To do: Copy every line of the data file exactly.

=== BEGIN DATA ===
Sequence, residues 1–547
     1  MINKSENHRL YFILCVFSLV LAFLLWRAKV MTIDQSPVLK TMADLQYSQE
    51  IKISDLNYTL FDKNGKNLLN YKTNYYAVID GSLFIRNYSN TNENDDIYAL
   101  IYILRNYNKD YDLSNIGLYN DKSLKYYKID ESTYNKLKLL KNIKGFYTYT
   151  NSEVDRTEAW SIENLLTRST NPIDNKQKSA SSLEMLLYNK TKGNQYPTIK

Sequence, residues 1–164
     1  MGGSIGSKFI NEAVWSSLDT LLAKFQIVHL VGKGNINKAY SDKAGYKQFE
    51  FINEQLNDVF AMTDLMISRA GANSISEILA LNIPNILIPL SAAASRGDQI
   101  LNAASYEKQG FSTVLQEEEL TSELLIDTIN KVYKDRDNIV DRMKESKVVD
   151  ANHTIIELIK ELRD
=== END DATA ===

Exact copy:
Sequence, residues 1–547
     1  MINKSENHRL YFILCVFSLV LAFLLWRAKV MTIDQSPVLK TMADLQYSQE
    51  IKISDLNYTL FDKNGKNLLN YKTNYYAVID GSLFIRNYSN TNENDDIYAL
   101  IYILRNYNKD YDLSNIGLYN DKSLKYYKID ESTYNKLKLL KNIKGFYTYT
   151  NSEVDRTEAW SIENLLTRST NPIDNKQKSA SSLEMLLYNK TKGNQYPTIK

Sequence, residues 1–164
     1  MGGSIGSKFI NEAVWSSLDT LLAKFQIVHL VGKGNINKAY SDKAGYKQFE
    51  FINEQLNDVF AMTDLMISRA GANSISEILA LNIPNILIPL SAAASRGDQI
   101  LNAASYEKQG FSTVLQEEEL TSELLIDTIN KVYKDRDNIV DRMKESKVVD
   151  ANHTIIELIK ELRD